UC San Diego
Eros and the Materialism of the Rococo : François Boucher , Print Culture, and Modernity
- Author(s): Sterrett, Edward L.
- et al.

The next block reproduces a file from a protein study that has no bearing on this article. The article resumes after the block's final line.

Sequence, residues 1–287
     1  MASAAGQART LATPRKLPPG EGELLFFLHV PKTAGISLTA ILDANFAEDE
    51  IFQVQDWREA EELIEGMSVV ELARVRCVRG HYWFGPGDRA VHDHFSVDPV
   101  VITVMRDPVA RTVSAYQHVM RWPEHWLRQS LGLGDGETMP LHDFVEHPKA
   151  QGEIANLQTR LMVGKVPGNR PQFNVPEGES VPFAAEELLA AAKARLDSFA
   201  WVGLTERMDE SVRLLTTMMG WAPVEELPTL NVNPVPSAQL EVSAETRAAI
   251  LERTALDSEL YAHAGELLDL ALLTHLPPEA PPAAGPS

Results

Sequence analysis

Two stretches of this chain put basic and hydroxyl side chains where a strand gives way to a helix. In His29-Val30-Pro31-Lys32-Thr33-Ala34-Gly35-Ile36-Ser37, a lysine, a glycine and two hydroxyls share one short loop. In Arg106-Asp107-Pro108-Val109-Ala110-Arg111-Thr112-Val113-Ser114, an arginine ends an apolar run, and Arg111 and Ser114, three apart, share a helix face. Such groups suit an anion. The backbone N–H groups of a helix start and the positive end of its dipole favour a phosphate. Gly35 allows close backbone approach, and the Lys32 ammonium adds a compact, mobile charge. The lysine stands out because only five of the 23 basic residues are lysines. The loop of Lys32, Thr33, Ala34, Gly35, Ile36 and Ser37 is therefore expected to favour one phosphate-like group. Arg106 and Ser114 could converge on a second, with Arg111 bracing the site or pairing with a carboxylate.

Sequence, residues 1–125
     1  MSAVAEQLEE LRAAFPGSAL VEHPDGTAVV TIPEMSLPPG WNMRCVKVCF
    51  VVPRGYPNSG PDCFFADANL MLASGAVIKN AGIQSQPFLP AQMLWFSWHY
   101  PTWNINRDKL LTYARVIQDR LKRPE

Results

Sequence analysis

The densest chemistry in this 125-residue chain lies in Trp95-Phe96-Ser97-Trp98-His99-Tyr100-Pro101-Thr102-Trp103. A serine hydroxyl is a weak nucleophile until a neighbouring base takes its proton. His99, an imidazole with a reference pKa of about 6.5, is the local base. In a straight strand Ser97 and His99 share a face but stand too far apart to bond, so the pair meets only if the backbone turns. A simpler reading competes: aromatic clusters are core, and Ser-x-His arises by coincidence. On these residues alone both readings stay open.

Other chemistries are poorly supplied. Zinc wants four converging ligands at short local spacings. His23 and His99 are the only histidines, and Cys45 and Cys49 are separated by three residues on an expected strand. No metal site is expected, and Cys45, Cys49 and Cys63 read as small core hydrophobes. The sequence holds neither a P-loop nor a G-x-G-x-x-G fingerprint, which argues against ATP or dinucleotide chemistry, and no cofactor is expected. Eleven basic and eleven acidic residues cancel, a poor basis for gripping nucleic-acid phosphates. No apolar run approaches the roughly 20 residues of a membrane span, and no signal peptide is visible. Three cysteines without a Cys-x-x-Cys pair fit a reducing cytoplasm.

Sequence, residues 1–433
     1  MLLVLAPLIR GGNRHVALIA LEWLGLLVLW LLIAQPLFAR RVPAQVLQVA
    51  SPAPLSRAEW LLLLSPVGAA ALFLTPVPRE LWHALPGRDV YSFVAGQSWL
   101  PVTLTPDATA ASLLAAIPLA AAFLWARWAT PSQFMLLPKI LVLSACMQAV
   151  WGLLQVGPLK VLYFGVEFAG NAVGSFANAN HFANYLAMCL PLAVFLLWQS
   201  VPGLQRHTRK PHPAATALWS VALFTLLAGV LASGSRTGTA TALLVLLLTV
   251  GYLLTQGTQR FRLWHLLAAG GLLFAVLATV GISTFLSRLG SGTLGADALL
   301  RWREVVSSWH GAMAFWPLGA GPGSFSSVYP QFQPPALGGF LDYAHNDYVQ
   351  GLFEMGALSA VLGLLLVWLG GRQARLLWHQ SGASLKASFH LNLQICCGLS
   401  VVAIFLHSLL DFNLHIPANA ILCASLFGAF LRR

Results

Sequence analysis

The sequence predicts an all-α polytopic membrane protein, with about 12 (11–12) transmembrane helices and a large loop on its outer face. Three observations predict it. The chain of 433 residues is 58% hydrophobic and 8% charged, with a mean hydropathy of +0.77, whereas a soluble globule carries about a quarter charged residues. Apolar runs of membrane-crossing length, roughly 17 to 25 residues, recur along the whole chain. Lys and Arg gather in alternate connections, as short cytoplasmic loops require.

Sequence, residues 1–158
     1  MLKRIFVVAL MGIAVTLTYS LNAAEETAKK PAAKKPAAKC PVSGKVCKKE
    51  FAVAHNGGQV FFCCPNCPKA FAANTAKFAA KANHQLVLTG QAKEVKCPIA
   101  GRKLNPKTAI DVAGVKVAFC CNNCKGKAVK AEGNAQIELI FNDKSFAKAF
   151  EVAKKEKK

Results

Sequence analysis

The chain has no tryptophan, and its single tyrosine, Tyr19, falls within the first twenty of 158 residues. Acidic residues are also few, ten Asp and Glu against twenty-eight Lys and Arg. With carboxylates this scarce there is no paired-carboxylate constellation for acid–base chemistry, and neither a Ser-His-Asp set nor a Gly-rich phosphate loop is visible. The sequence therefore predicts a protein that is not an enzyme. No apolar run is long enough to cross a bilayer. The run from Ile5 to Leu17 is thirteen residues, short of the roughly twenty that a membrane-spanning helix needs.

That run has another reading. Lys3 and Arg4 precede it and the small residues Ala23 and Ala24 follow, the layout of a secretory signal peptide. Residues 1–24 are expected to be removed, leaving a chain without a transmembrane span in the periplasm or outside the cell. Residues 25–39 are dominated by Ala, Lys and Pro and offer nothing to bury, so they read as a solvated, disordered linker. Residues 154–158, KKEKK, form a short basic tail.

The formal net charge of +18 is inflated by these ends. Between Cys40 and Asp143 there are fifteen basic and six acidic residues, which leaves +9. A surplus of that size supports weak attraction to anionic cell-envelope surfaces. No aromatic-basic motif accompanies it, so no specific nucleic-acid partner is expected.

This dissertation traces the origins of the Rococo style in French painting as the emergence of a unique aesthetic regime drawn from the broader cultural and epistemological transformations of late seventeenth and early eighteenth- century France. It follows the work of François Boucher, from his early successes as an engraver and designer in the print trade to his most celebrated achievements as a history painter, in order to examine a series of interrelated points of intersection between the extraordinary pictorial ingenuity which brought him to the forefront of French painting and a network of philosophical, scientific, aesthetic and political discourses whose convergences in this period were strongly marked by an unprecedented expansion of the production and circulation of printed images, and ultimately became an essential aspect of the emergence of a proto-modern public sphere. Conventionally, the Rococo has been dismissed as being a purely decorative, rather than a properly critical or experimental style. It is figured as style in its most superficial sense, which is to say, the mark of nothing but an essential frivolity at the heart of a mentality which expressed the waning of the Ancien Regime. This dissertation joins a growing field of scholarship working against that model. It is therefore also engaged with a broader effort to develop alternative histories of modernism by re-examining and reframing the forces which shaped the European Enlightenment. One could describe the project as an archaeology of frivolity, borrowing the phrase from Derrida's study of Condillac, but taking archaeology in its properly Foucauldian sense, which is to read frivolity as a mechanism which canalizes the anxieties and exhilarations of epistemological transition across a series of distinct but structurally convergent discursive fields. Thus the persistent refrain of erotic themes, the demure, anti-heroic, narrative opacity, and the formal exuberance, at once ornamental, richly mimetic, and perspectivally vertiginous, which structure the Rococo picture, become a signal and a point of entry into an exploration of a system of countervailing aesthetic currents engaged in a dialectical process which we might call broadly: the rationalization and technicalization of vision in early eighteenth-century France